Moving house a stressful time for everyone. 

Having animals can contribute to the stress, as you wonder how to help your pet on moving day. Unfortunately, this doesn’t help your furry friend, and many animals pick up on their owners’ stress, excitement and anticipation as the big day approaches.

Therefore, to minimise their ordeal it’s important that you plan a smooth move for your pet too, and have plans in place for them for actual moving day and the days afterwards. Several of our Bromley Property Company team are animal lovers and have pets themselves, so understand how important it is that your beloved pet is well looked after too.

Before The Move

Don’t leave it until last minute to decide on how to help your pet on moving day. Start planning weeks or even months ahead, as depending on what time of year you are likely to move, many dog sitters and catteries get booked up a long time in advance.

If you are moving out of the area, do some research on the area you are moving to. Where will your nearest vet be? Where is the nearest emergency vet? If you have a dog, where would be a good place to take them for a walk? Knowing the answers to such questions in advance will make the move less stressful for you both.

During The Move

In most cases, the best option for what to do with pets on moving day will be to have a friend or family member look after them, away from your home. Ideally, this should be someone the pet is already familiar with and will enjoy staying with. When a friend or family member is not available, you may be able to find a local pet sitter who can look after your animal for a few hours on the day.

By doing this, the pet will be unaware of any moving day stresses, and you can concentrate on the actual move.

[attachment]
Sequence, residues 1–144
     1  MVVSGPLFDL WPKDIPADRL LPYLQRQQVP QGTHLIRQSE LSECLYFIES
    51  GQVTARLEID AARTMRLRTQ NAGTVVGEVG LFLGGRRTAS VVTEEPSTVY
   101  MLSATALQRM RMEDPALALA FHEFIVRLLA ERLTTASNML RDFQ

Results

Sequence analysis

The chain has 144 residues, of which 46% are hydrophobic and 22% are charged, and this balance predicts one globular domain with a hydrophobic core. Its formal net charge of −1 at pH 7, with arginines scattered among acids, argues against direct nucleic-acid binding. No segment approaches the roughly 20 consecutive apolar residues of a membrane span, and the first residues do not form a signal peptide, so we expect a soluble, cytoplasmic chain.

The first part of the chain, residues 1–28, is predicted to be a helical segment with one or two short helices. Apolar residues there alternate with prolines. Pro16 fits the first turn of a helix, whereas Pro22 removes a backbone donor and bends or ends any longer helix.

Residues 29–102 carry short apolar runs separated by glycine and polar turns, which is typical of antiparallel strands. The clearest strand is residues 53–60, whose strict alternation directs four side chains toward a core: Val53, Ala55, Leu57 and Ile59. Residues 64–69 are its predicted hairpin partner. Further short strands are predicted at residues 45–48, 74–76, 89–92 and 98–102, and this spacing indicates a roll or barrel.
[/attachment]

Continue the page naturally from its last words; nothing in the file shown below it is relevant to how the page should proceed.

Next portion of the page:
However, this isn’t always possible, especially if you are moving a long way, have a nervous pet, or simply don’t have anyone able to help you out- your pet may have no choice but to be at home with you. In this case, the best thing you can do is find the quietest room in the house and make sure everything has been moved out of that room in advance. Then, put the pet in that room with plenty of food and water, toilet facilities (where possible), a few favourite toys, and a warm bed. This will give them somewhere safe and secure to wait out the move.

If you have a cat or a dog, it’s worth placing a pheromone spray in the room such as Feliway for cats or Adaptil for dogs. These give off pheromones that will help to keep your pet calm and reduce their stress levels- such a great idea and something we’ve only recently discovered through a few clients recommending it!

Make sure that no one enters the pets ‘safe’ room though, the last thing you want is your pet getting out on moving day! Put a sign on the door and make sure you tell everyone involved in the move why they shouldn’t enter that room.

Post-Move

Whilst you understand why you’re in a new home, your pet won’t. It will be confused, and possibly scared in the new, unfamiliar surroundings.Be prepared for your pet being destructive, urinating on things, or just generally being disobedient. Try not to get upset with your pet for such behaviour, as this will hopefully only last a short while, and keep as calm as possible to help them settle in.

The previously mentioned pheromone spray used during the move will come in handy so be sure to use it in the new property. The technique of creating a ‘safe’ room like you did on moving day will also work wonders for your pet, giving them a place they can retreat when it all gets too much. 

Make sure your new home is also ‘pet-safe’. Are there exposed cables your pet may chew on? Are there any small gaps that need blocking off so your pet doesn’t get stuck or run away? Minimise any risks.

One of the most important things is to get into a normal routine as quickly as possible. Like children, pets love routines as it takes away uncertainty and reduces anxiety. The sooner you can get things back to ‘normal’ the better. With this in mind, try and get at least one or two rooms fully unpacked and as you want them. If you have a dog, start taking it for walks at set times, and keep mealtimes the same too.

So that’s how to help your pet on moving day. There isn’t a way to ensure that moving house is completely stress-free for anyone, let alone pets. However, if you follow these tips they’ll hopefully help everyone, including your furry pal, settle in as quickly as possible.

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